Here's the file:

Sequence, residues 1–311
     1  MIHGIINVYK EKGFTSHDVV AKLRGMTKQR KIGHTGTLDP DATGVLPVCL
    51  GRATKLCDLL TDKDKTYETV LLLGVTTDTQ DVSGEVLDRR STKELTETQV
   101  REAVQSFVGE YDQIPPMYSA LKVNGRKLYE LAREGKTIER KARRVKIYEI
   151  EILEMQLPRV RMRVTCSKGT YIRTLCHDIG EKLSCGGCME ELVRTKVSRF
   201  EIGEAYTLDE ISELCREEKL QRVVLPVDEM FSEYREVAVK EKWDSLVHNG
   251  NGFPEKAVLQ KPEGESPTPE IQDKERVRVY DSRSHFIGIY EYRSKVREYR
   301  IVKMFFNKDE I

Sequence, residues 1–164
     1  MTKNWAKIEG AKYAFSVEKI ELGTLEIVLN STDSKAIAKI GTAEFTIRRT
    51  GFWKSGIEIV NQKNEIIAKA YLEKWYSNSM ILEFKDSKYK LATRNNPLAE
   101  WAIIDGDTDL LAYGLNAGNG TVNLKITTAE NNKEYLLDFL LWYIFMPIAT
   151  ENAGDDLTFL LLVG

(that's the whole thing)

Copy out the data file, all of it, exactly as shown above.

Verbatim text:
Sequence, residues 1–311
     1  MIHGIINVYK EKGFTSHDVV AKLRGMTKQR KIGHTGTLDP DATGVLPVCL
    51  GRATKLCDLL TDKDKTYETV LLLGVTTDTQ DVSGEVLDRR STKELTETQV
   101  REAVQSFVGE YDQIPPMYSA LKVNGRKLYE LAREGKTIER KARRVKIYEI
   151  EILEMQLPRV RMRVTCSKGT YIRTLCHDIG EKLSCGGCME ELVRTKVSRF
   201  EIGEAYTLDE ISELCREEKL QRVVLPVDEM FSEYREVAVK EKWDSLVHNG
   251  NGFPEKAVLQ KPEGESPTPE IQDKERVRVY DSRSHFIGIY EYRSKVREYR
   301  IVKMFFNKDE I

Sequence, residues 1–164
     1  MTKNWAKIEG AKYAFSVEKI ELGTLEIVLN STDSKAIAKI GTAEFTIRRT
    51  GFWKSGIEIV NQKNEIIAKA YLEKWYSNSM ILEFKDSKYK LATRNNPLAE
   101  WAIIDGDTDL LAYGLNAGNG TVNLKITTAE NNKEYLLDFL LWYIFMPIAT
   151  ENAGDDLTFL LLVG